(VENEZUELAN) A Foncine production. Produced by Malena Rocayolo. Directed by Thaelman Urgelles. Screenplay, Urgelles, Edilio Pena. Camera (color), Vitelbo Vasquez; editor, Mario Handler; music, Vinicio Ludovic. Reviewed at Cartagena Film Festival, Columbia, March 9, 1994. Running time: 91 MIN.
With: Gustavo Rodriguez, Mimi Lazo, Marcela Walerstein, Julio Sosa, Victor Cuica, Ana Maria Paredes.
Following an obvious storyline, “The Devil’s Plates” offers a shopworn tale of a frustrated writer whose lust for fame drives him to kill and plagiarize the work of a promising author.
Pic is marred by a rather wooden performance by Gustavo Rodriguez, who plays Ricardo Azolar, a man who writes and writes but is unhappy with his literary output.
At a salon where pretty people drape themselves around a garden and discuss literature and the role of the writer, Ricardo meets and falls for a writer groupie who is in love with a promising new scribe named Daniel (played by Julio Sosa, former head of the Venezuelan film institute, Foncine).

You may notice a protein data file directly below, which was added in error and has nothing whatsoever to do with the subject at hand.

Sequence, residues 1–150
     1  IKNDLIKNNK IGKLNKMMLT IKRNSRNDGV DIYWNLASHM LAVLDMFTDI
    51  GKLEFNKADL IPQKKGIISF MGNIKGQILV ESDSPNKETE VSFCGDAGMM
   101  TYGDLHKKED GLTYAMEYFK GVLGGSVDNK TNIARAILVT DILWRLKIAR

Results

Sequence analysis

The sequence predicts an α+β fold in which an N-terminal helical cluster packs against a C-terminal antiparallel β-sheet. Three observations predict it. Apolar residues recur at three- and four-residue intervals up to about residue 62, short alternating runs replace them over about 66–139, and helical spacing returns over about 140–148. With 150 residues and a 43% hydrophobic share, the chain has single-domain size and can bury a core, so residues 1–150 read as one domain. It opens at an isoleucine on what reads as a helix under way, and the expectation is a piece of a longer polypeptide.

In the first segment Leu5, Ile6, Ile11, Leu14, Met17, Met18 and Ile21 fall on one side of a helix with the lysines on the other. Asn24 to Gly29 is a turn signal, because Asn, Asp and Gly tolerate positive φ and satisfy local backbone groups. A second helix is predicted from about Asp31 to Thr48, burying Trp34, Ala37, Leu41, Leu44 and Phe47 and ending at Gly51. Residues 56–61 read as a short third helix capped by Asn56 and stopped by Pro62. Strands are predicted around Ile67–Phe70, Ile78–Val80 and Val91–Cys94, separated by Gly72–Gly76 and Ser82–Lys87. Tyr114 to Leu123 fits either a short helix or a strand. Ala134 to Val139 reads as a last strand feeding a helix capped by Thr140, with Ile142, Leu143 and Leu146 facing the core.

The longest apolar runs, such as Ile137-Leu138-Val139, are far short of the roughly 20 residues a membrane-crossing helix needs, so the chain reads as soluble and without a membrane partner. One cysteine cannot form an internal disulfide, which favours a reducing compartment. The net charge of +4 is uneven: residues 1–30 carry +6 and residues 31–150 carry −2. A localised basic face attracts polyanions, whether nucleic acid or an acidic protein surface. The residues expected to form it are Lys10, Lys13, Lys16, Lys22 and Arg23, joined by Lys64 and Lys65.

Ricardo befriends Daniel, only to kill him, steal his manuscript and basically usurp Daniel’s life. Ricardo dyes his hair, discards his glasses, starts smoking cigars and takes up with Daniel’s g.f. His eventual fate is obvious. Pic begins with a voiceover, which informs that the film is the autobiographical story of Ricardo’s deeds, written in retrospect in prison and destined to be his true masterpiece.
Main problem is that the pivotal role of Ricardo is so disagreeable that one quickly loses interest in him and his situation.
Tech credits are fine but film offers few surprises.